NSW taxi users will soon have to pay smaller fees when they pay for a cab by credit card, under reforms announced by the O’Farrell Government on Tuesday that will cost the Cabcharge company millions. Following a similar move by the Victorian government, Premier Barry O’Farrell and Transport Minister Gladys Berejiklian said they would legislate to cap the maximum card surcharge for paying for a taxi at 5 per cent, down from the typical 10 per cent.
If you live in a wealthy area of Sydney, Gladys Berejiklian's government thinks your views are more important than if you don't. If you live in Hunter's Hill, or Mosman, or Vaucluse, Berejiklian's government thinks your views matter more than if you live in Punchbowl, Merrylands, or Ashfield. That is a conclusion which is only too easy to draw from the pitiable, risible, craven decision taken on Thursday to abandon Sydney's remaining council mergers.
Gladys Berejiklian's government will walk away from its court fight against Sydney councils that have challenged their amalgamation in court. The abandonment of the legal pursuit of mergers marks a major about-face from the Premier on one of the government's signature policies. It will affect councils in Sydney's eastern suburbs, northern suburbs, lower north shore and parts of the inner west. But it will also raise large questions of fairness.
Muck Rack makes it simple to find people, tweets, or articles that mention any name, keyword, company, hashtag etc. We've compiled this guide to help you make the most of your search.
Selecting a term
Start searching tweets, articles from media outlets, articles mentioned in tweets, journalists'
names, titles and bios with some suggested searches:
Companies or Topics (e.g. iPhone, Microsoft)
Phrases (e.g. "cloud computing") — use quotes to keep the terms together
Twitter handles (e.g. @username) — returns those who have mentioned or replied to
Names (e.g. "David Pogue")
Hashtags (e.g. #sxsw, #london2012)
Bio details (e.g. vegan, Olympics, father)
Muck Rack's Advanced Search allows for many boolean operators.
Find results that mention multiple specified terms, use AND or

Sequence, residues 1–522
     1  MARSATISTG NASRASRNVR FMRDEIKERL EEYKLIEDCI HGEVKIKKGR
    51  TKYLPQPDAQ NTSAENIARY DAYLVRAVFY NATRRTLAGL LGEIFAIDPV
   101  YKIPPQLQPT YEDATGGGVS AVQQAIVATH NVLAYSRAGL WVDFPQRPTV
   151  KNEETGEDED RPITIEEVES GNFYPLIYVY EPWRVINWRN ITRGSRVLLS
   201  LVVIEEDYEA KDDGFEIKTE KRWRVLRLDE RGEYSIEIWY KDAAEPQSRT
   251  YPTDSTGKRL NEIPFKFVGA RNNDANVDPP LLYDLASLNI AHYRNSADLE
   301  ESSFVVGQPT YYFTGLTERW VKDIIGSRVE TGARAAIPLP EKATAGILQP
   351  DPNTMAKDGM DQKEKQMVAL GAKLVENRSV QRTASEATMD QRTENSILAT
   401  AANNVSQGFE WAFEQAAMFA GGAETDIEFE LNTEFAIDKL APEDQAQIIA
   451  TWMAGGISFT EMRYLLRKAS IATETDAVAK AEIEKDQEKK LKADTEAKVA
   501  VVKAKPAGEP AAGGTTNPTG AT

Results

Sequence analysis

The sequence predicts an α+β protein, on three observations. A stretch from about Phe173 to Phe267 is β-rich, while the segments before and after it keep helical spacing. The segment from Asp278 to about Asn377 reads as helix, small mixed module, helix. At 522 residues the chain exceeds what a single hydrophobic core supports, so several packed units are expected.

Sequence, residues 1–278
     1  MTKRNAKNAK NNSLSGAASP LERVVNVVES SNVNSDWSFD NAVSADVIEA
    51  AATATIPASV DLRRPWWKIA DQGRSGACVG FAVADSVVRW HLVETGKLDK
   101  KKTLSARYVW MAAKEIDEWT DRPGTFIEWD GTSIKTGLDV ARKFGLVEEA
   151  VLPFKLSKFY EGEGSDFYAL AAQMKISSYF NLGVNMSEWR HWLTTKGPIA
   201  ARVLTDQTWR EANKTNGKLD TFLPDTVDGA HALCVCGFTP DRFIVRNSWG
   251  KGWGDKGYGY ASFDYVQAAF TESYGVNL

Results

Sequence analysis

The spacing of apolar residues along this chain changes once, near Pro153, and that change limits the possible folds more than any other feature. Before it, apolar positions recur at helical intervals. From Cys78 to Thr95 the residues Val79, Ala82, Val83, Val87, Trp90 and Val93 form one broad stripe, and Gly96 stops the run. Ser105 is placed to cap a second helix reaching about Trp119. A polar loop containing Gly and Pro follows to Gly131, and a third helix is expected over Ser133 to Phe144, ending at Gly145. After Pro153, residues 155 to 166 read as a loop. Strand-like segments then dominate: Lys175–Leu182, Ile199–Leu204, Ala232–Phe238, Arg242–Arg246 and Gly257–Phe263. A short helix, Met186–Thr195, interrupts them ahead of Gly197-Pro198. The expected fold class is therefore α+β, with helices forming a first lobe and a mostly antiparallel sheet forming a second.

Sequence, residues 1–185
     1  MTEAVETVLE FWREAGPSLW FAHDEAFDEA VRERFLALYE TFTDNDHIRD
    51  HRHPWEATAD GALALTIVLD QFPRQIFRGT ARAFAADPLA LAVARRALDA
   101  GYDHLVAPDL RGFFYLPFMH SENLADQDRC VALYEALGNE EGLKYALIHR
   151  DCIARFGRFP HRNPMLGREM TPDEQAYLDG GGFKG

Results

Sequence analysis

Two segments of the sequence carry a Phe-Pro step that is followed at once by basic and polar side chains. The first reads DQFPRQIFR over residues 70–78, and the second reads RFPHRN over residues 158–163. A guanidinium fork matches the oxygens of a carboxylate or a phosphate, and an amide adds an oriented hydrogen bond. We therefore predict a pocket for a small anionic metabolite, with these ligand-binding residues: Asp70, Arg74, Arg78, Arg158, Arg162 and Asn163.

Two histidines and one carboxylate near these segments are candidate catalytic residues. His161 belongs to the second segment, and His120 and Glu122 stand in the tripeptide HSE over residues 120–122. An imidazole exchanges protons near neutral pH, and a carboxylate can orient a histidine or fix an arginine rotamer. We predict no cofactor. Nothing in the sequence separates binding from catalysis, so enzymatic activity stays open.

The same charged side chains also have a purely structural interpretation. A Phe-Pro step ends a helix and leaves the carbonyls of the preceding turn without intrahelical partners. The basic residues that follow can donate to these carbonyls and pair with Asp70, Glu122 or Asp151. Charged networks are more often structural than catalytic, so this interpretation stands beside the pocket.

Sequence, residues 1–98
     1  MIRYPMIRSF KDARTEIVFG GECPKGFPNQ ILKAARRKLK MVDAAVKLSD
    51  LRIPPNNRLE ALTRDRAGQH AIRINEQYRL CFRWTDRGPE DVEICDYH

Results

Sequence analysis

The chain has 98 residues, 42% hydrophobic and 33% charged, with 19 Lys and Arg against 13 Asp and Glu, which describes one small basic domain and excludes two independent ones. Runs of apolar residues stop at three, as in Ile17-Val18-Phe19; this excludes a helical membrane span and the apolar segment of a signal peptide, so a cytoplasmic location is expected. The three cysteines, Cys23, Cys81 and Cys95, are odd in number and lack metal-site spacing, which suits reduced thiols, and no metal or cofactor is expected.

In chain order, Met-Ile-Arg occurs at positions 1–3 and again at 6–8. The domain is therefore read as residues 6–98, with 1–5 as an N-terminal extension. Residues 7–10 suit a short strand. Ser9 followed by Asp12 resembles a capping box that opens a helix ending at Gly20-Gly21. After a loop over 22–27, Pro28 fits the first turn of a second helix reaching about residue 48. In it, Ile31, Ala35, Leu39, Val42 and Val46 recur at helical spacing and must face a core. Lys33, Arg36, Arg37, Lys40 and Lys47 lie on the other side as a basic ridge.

+. For example, ensure each result contains both Elon Musk and Mark Zuckerberg by
searching Obama AND Romney or Obama + Romney.
Use the operators OR or , to broaden your search when you'd like either of
multiple terms to appear in results. (This is the default behavior of our search when no operators
are used.) For example, search for democrat OR republican to find results that refer to
Democrats and/or Republicans.
Use NOT or - to subtract results from your search. For
example, searching Disney will yield results about the Walt Disney Company as well as Walt Disney
World Resort. To exclude mentions of Disney World, search for Disney -World or Disney
When using one of these operators with a phrase, enclose it in quotation marks. For example, you can
find results about smartphones excluding Apple's iPhone 4S by searching smartphone -"iPhone
Exact case matching or punctuation
If you're searching for a brand name or keyword that relies on specific punctuation marks or capitalization, you can
find results that match your exact query by adding matchcase: before the keyword you're searching for, like matchcase:E*TRADE .
Use parentheses to separate multiple
boolean phrases. For example, to find journalists talking about having fun in Disney World or
Disneyland, search for ("disney world" OR disneyland) AND fun.
An asterisk can be used to search for any variation of a root word truncated by the asterisk. For example, searching for admin* will return results for administrator, administration, administer, administered, etc.
A near operator is an AND operator where you can control the distance between the words. You can vary the distance the near operation uses by adding a forward slash and number (between 0-99) such as strawberries NEAR/10 "whipped cream", which means the strawberries must exist within 10 words of "whipped cream".